Elbow/Forearm







Questions or Concerns?

elbow forearm
Pain in the elbow or forearm can be caused by a number of conditions. The specialists at Physio Logic are experts in the treatment of the following:

  1. Cubital and Radial Tunnel Syndrome

    The common cause of all these nerve compression syndromes is increased pressure — usually from bone or connective tissue — on a nerve in the wrist, arm, or elbow. They also can cause severe pain, numbness, tingling, and muscle weakness in the hands and arms. Cubital tunnel syndrome — also known as ulnar neuropathy — is caused by increased pressure on the ulnar nerve, which passes close to the skin’s surface in the area of the elbow commonly known as the “funny bone.” Radial tunnel syndrome is caused by increased pressure on the radial nerve, which runs by the bones and muscles of the forearm and elbow. Symptoms of radial tunnel syndrome include: Cutting, piercing, or stabbing pain at the top of the forearm or back of the hand, especially when you try to straighten your wrist and fingers. In contrast to cubital tunnel syndrome and carpal tunnel syndrome, radial tunnel syndrome rarely causes numbness or tingling, because the radial nerve principally affects the muscles.

  2. Golfer’s elbow (medial epicondylitis)

    Golfer’s elbow is an injury to the muscles that flex your wrist and fingers. The site of injury is typically the medial epicondyle, a bony bump on the inside of the elbow where these muscles attach

    Typically the golfer’s elbow sufferer will experience pain when performing gripping tasks or resisted wrist/finger flexion. Pain can also be present when the muscles are stretched. There will be tenderness directly over the bony epicondyle, and there may be trigger points in the wrist flexor muscles.

    Some sufferers will also have neck stiffness and tenderness, as well as signs of median nerve irritation. Most elbow movements will be pain-free. Gripping is painful.

    Golfer’s elbow is caused by damaged muscle tissue at the point it anchors to the arm bone at the elbow. It occurs when more force is applied to an area than the normal healthy tissues can handle.

  3. Tennis elbow (lateral epicondylitis)

    Acute Tennis Elbow is an injury to the muscles that extend the wrist and fingers. The site of injury is typically the lateral epicondyle, a bony bump on the outside of the elbow where these muscles attach.

    Tennis Elbow symptoms that have lasted more than 6 weeks are considered to be sub-acute and beyond three months, as chronic tennis elbow.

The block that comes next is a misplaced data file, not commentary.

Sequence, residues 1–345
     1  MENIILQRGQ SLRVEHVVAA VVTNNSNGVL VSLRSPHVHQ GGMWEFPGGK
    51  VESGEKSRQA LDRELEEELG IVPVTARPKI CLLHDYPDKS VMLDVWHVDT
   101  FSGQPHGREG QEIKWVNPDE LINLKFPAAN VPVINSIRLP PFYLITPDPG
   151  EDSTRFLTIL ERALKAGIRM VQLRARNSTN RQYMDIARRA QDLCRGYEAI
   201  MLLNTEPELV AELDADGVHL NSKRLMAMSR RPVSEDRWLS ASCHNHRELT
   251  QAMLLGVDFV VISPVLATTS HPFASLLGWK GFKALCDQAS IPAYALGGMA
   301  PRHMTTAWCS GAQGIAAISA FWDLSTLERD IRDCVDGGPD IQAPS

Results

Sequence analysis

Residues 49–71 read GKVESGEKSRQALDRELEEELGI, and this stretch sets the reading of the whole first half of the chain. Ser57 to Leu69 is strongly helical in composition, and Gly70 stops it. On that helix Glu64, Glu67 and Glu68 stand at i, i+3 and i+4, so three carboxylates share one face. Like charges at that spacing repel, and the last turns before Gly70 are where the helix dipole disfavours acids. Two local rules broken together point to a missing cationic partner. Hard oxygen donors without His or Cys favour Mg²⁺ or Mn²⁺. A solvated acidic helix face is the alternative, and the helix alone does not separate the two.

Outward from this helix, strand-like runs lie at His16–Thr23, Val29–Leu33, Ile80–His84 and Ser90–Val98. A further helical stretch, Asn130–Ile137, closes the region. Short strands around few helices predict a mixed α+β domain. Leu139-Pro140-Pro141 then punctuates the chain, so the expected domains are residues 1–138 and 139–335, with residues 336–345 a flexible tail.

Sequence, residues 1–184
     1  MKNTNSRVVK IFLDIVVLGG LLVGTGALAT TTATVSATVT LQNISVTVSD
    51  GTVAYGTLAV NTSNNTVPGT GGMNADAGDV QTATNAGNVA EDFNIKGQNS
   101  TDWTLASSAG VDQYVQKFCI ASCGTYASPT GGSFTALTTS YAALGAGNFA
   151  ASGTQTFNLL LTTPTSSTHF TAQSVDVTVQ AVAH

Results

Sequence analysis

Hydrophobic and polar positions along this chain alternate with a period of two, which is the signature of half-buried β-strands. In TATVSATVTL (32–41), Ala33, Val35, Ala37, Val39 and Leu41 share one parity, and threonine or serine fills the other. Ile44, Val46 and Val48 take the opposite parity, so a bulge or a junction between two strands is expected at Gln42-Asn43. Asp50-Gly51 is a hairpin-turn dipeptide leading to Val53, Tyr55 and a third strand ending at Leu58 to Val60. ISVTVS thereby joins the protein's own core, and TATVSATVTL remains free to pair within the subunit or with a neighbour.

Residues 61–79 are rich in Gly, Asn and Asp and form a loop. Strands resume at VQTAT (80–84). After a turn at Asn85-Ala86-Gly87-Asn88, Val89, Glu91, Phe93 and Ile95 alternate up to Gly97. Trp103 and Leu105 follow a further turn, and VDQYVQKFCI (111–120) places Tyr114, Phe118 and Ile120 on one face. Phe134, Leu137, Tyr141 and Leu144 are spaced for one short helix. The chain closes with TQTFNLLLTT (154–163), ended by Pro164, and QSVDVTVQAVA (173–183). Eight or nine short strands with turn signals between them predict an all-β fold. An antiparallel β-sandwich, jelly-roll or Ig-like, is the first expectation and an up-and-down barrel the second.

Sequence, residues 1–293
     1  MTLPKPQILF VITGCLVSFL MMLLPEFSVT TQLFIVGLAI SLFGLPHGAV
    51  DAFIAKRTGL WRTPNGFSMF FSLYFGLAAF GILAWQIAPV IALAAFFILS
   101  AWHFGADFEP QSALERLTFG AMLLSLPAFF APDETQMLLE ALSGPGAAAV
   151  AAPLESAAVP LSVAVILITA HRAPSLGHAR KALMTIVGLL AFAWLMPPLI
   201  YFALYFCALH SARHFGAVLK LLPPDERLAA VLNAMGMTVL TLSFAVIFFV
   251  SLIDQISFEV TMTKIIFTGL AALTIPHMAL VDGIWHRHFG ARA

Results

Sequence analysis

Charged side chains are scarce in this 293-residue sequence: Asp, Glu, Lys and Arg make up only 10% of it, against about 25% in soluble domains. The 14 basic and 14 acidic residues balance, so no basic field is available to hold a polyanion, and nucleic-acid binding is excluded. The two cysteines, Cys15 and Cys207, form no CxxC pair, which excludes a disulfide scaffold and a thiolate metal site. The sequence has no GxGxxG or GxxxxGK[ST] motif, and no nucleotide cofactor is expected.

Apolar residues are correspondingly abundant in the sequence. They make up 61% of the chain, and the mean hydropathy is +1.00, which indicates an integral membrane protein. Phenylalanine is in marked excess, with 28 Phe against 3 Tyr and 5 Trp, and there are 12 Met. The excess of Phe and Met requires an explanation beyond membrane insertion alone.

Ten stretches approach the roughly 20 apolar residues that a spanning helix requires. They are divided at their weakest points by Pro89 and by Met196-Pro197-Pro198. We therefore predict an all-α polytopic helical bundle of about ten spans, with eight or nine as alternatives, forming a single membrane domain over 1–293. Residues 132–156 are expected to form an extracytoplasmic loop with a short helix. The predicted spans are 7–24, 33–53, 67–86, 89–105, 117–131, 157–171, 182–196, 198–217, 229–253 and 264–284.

Typically the Tennis Elbow sufferer will experience pain when performing gripping tasks or resisted wrist/finger extension. Pain can also be present when the muscles are stretched. There will be tenderness directly over the bony epicondyle, and there may be trigger points in the wrist muscles.

    Some sufferers will also have neck stiffness and tenderness, as well as signs of nerve irritation. Most elbow movements will be pain-free, despite that being the area of pain.

    Acute Tennis Elbow is caused by damaged muscle tissue at the point it anchors to the arm bone at the elbow. It occurs when more force is applied to an area than the normal healthy tissues can handle.

    Some activities that may cause Tennis Elbow include: unaccustomed hand use. eg painting a fence, hammering, lots of typing; excessive gripping or wringing activities; poor forearm muscle strength or tight muscles; poor technique (this may be a poor tennis shot).

    In some cases such as Chronic Tennis Elbow, this can occur due to the soft tissues being in poor health, which are easily injured. Inflammation follows the injury, which leads to swelling and elbow pain.

    Chronic Tennis Elbow is associated with degenerative changes in the muscle tissues located at the epicondyle. Although for a long time this was thought to be related to inflammation from overuse, this is now known to be incorrect.

  4. Arthritis

    Arthritis is a general term meaning “joint inflammation”. The most common type of arthritis is osteoarthritis (OA). There are several causes for OA, such as a trauma as a child or young, adult, postural imbalance, repetitive stress, and heavy manual labor to name a few. Physio Logic is successful at treating this condition with numerous conservative treatment options.

  5. Bursitis

    Bursitis is the inflammation or irritation of the bursa. The bursa is a sac filled with lubricating fluid, located between tissues such as bone, muscle, tendons and skin, that decreases rubbing, friction, and irritation. Bursitis is most often caused by repetitive, minor impact on the area, or from a sudden, more serious injury. Age also plays a role. As tendons age they are able to tolerate stress less, are less elastic, and are easier to tear. Overuse or injury to the joint at work or play can also increase a person’s risk of bursitis. Incorrect posture at work or home and poor stretching or conditioning before exercise can also lead to bursitis.

  6. Joint Pain Dysfunction

    Joint pain is discomfort that arises from any joint — the point where two or more bones meet. Joint pain is sometimes called arthritis or arthralgia. Joint pain can be mild, causing some soreness each time you move your joint. Or joint pain can be severe, making it impossible to use your joint.

  7. Ligament Sprain

    A sprain is a stretching or tearing of ligaments — the tough bands of fibrous tissue that connect two bones together in your joints.

  8. Muscle Sprain

    A strain is a stretching or tearing of muscle or tendon. A tendon is a fibrous cord of tissue that connects muscles to bones.

  9. Tendinitis

    Tendinitis is inflammation or irritation of a tendon — any one of the thick fibrous cords that attaches muscle to bone. The condition causes pain and tenderness just outside a joint.

  10. Fractures
  11. Pre & Post Surgical Rehab
  12. Artificial Joint Replacement Rehab